The climate monitoring 'A-Train'

Not to be confused with the “A-Team” of climate scientists, NASA/Goddard Space Flight Center announces:

Introducing the ‘A-Train’

artists concept of the A-Train with labels Artist’s Concept of the A-Train constellation of satellites. Credit: NASA

Mention the “A-Train” and most people probably think of the jazz legend Billy Strayhorn or perhaps New York City subway trains — not climate change. However, it turns out that a convoy of “A-Train” satellites has emerged as one of the most powerful tools scientists have for understanding our planet’s changing climate.

The formation of satellites — which currently includes Aqua, CloudSat, Cloud-Aerosol Lidar and Infrared Pathfinder Satellite Observations (CALIPSO) and Aura satellites — barrels across the equator each day at around 1:30 p.m. local time each afternoon, giving the constellation its name; the “A” stands for “afternoon.”

Together, these four satellites contain 15 separate scientific instruments that observe the same path of Earth’s atmosphere and surface at a broad swath of wavelengths. At the front of the train, Aqua carries instruments that produce measurements of temperature, water vapor, and rainfall. Next in line, CloudSat, a cooperative effort between NASA and the Canadian Space Agency (CSA), and CALIPSO, a joint effort of the French space agency Centre National d’Etudes Spatiales (CNES) and NASA, have high-tech laser and radar instruments that offer three-dimensional views of clouds and airborne particles called aerosols. And the caboose, Aura, has a suite of instruments that produce high-resolution vertical maps of greenhouse gases, among many other atmospheric constituents.

In coming months, the A-Train will expand with the launch of NASA’s aerosol-sensing Glory satellite and the carbon-tracking Orbiting Carbon Observatory 2 (OCO-2) satellite. In 2010, the Japan Aerospace Exploration Agency (JAXA) plans to launch the Global Change Observation Mission-Water (GCOM-W1), which will monitor ocean circulation. Meanwhile, a fifth satellite, France’s Polarization and Anistropy of Reflectances for Atmospheric Science coupled with Observations from a Lidar (PARASOL), which studies aerosols, is easing out of an A-Train orbit as its fuel supplies dwindles.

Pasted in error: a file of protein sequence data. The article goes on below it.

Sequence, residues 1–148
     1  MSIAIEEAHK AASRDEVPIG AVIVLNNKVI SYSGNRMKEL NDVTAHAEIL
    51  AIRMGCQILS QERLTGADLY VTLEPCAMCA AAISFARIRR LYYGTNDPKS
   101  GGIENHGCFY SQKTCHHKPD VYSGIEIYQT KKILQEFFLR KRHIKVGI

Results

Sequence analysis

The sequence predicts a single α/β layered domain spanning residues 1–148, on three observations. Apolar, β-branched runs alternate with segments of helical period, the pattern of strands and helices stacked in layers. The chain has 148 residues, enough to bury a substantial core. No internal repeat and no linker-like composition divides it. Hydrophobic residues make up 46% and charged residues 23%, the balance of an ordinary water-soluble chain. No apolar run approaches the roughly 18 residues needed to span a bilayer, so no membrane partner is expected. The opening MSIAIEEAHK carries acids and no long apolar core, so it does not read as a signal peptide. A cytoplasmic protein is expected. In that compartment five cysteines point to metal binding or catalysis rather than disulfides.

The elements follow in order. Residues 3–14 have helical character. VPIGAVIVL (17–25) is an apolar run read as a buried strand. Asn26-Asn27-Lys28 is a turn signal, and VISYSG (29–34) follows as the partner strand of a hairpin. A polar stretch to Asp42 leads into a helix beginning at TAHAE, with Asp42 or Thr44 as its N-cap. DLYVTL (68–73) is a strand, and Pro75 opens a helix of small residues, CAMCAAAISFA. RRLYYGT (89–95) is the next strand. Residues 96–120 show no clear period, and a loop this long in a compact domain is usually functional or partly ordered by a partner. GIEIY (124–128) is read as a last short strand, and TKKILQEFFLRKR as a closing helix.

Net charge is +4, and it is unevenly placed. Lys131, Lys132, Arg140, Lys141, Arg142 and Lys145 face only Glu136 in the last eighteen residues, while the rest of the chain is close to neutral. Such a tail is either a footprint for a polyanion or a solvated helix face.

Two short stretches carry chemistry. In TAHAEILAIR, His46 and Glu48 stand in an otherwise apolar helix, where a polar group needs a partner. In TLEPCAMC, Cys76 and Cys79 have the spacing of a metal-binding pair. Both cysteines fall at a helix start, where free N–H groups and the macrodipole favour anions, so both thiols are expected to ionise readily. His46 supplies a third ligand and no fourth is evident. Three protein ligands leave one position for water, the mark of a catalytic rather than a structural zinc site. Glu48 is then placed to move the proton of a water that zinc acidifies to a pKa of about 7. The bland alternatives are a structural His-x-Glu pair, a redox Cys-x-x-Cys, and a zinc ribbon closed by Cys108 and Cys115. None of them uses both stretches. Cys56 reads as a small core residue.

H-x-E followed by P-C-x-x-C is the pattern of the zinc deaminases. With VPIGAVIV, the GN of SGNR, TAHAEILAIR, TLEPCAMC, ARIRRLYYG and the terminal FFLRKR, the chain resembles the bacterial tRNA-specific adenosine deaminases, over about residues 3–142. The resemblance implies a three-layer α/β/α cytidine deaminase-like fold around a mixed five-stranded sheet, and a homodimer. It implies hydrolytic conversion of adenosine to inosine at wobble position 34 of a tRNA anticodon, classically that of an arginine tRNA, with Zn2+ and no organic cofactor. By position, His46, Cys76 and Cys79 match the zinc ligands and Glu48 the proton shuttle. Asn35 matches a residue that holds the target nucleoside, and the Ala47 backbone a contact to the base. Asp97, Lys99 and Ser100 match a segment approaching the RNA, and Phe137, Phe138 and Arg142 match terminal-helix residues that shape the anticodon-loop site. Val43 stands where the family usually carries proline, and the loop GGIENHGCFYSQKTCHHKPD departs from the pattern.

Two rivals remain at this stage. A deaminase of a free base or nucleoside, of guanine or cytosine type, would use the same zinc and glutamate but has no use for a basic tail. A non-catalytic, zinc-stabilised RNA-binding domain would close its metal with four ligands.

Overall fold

Accidental Origins

This multi-sensor view allows scientists to simultaneously observe changes in key environmental phenomenon – such as clouds or ice sheets – from numerous perspectives. And it helps skirt around engineering obstacles that would have made it impossible to cluster all 15 instruments on one large spacecraft.

But it wasn’t necessarily planned that way. Formation flying is a fairly novel concept, and it came to the fore partly by accident. The concept of an A-Train first emerged when scientists and engineers were hashing out the orbit of Aura, which launched in 2004. At the time, rather than calculating a whole new orbital plan for Aura, flight engineers realized they could simply model its orbit after Aqua, a sister satellite NASA had launched in 2002.

They went forward with that plan, but limitations in data transmissions rates, meant that the two satellites ended up flying much closer to each other than originally planned. In the end, they decided that Aura would fly about 6,300 kilometers – a mere 15 minutes of flight – behind Aqua.

Meanwhile, two additional satellites that study minute airborne particles called aerosols and clouds – the CALIPSO and CloudSat – without realizing it had requested nearly identical orbits near Aura because the scientists involved with these missions wanted to compare their results with the humidity and cloud measurements coming from Aura. In 2006, CloudSat and CALIPSO eased into the train behind Aura just 93 kilometers – about 12.5 seconds – from one another. As a result, CALIPSO’s lidar beam and CloudSat’s radar have coincided at Earth’s surface about ninety percent of the time they have been in orbit.

Reaping the Rewards